Without the resurrection of Jesus (a truth which does not depend on the literal accuracy of all the reports of the events), we should — Küng believes — be left with evidence which is thoroughly ambiguous. He does not explore the ambiguities of psychical research, but he does give us some of the statements made by people who thought they were dying but floating away above the deathbed. And he points out that such experiences have also been reported from situations which had nothing to do with the “hereafter” but everything to do with the use of drugs or with mental illness or with extreme physical distress.
Experiences open to everyone without bringing religion into it are always open to a reductionist interpretation. The claims of religion to reveal eternity are, of course, also open to contradiction — but, as stated here in a presentation of the New Testament’s claims, the call to faith is at least not obviously irrational or detached from the facts. The centrality of the Easter experience is stressed, and argued for, with a passion all the more impressive because the style is that of the lecture room, not the pulpit.
So what about “the resurrection of the body”? It means, Küng says, the raising of our existence which needs a physical and social basis into that life which is eternal because divine. It is rightly contrasted with the indefinite continuation of my naturally immortal soul or my good self.
And what about “purgatory”? It means, Küng says, that God purges as he glorifies — and that is something we all need.
And what about “hell”? It means, Küng says, the infinitely serious possibility that, being free, I may refuse to be purged in order to be raised into that glory — and that would mean my choice of eternal death. But Küng rightly stresses the “all” which comes to be the main theme in the symphony of the New Testament. Certainly he will have nothing to do with the idea that God will torture people for ever because of an error in their beliefs before death. God is love, eternally triumphant love.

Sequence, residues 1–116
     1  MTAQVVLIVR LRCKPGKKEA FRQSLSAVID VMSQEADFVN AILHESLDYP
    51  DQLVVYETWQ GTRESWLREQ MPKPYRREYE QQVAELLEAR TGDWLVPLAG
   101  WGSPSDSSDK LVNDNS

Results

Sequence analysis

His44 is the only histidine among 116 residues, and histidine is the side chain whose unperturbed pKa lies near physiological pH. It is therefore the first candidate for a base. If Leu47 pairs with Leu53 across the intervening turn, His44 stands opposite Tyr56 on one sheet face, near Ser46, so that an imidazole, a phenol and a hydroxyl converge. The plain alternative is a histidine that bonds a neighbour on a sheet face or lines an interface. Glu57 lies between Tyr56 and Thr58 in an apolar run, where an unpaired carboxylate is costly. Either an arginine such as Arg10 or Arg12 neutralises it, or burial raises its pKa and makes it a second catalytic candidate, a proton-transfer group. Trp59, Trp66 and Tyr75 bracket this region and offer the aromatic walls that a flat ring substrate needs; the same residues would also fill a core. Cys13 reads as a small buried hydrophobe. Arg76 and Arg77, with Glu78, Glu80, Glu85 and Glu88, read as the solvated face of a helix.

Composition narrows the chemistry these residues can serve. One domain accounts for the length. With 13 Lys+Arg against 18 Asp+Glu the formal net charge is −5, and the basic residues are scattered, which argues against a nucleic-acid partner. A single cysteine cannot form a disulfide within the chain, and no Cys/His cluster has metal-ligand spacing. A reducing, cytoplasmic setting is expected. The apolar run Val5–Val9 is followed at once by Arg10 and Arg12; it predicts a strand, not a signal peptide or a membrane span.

Those who turn away from such arguments with the excuse “I’m not religious” are to be pitied, Küng says — because they are like people who shut themselves out from the musicians’ invisible palaces with the plea “I’m not musical.” But he is also sure that the claims of religion have often been made the excuses for the spread of superstition to the advantage of the priests and for the encouragement of hatred and cruelty associated with the condemnation of the bulk of humanity to the everlasting tortures of hell.
While he refuses to listen to the excuse “I’m not religious,” he certainly does not refuse to listen to criticisms of the corruptions of religion, including Christianity and Catholicism. He does not make “I’m not heretical’’ his own excuse.
In his final section, he gives us glimpses of the life style which is possible for Christians who believe in this purified version of the faith. It is now, he shows, possible to die in dignity, not approaching my own or another’s earthly end as if it were a total disaster to be avoided at any cost. (He makes an eminently sensible plea not for euthanasia but for the refusal to prolong life artificially in certain circumstances). And it is, he shows, possible to struggle for the Kingdom of God “on earth as in heaven” without the disastrous illusion that I can, if I am clever and ruthless enough, engineer an earthly paradise.
Traditionally we tend to think that books originally in German are “speculative” rather than sober, “extreme” rather than cautious. But Küng, while belonging to German culture with all his being, is far more familiar with theology written in English than is normal for his profession in his place — and that is no accident, since he values a cautious sobriety. Indeed, his book is less speculative than Professor John Hick’s Death and Eternal Life, the last major English book in this field.
Traditionally we do not gorge ourselves at table at Easter. But here is a book which is a seasonal feast for mind and soul.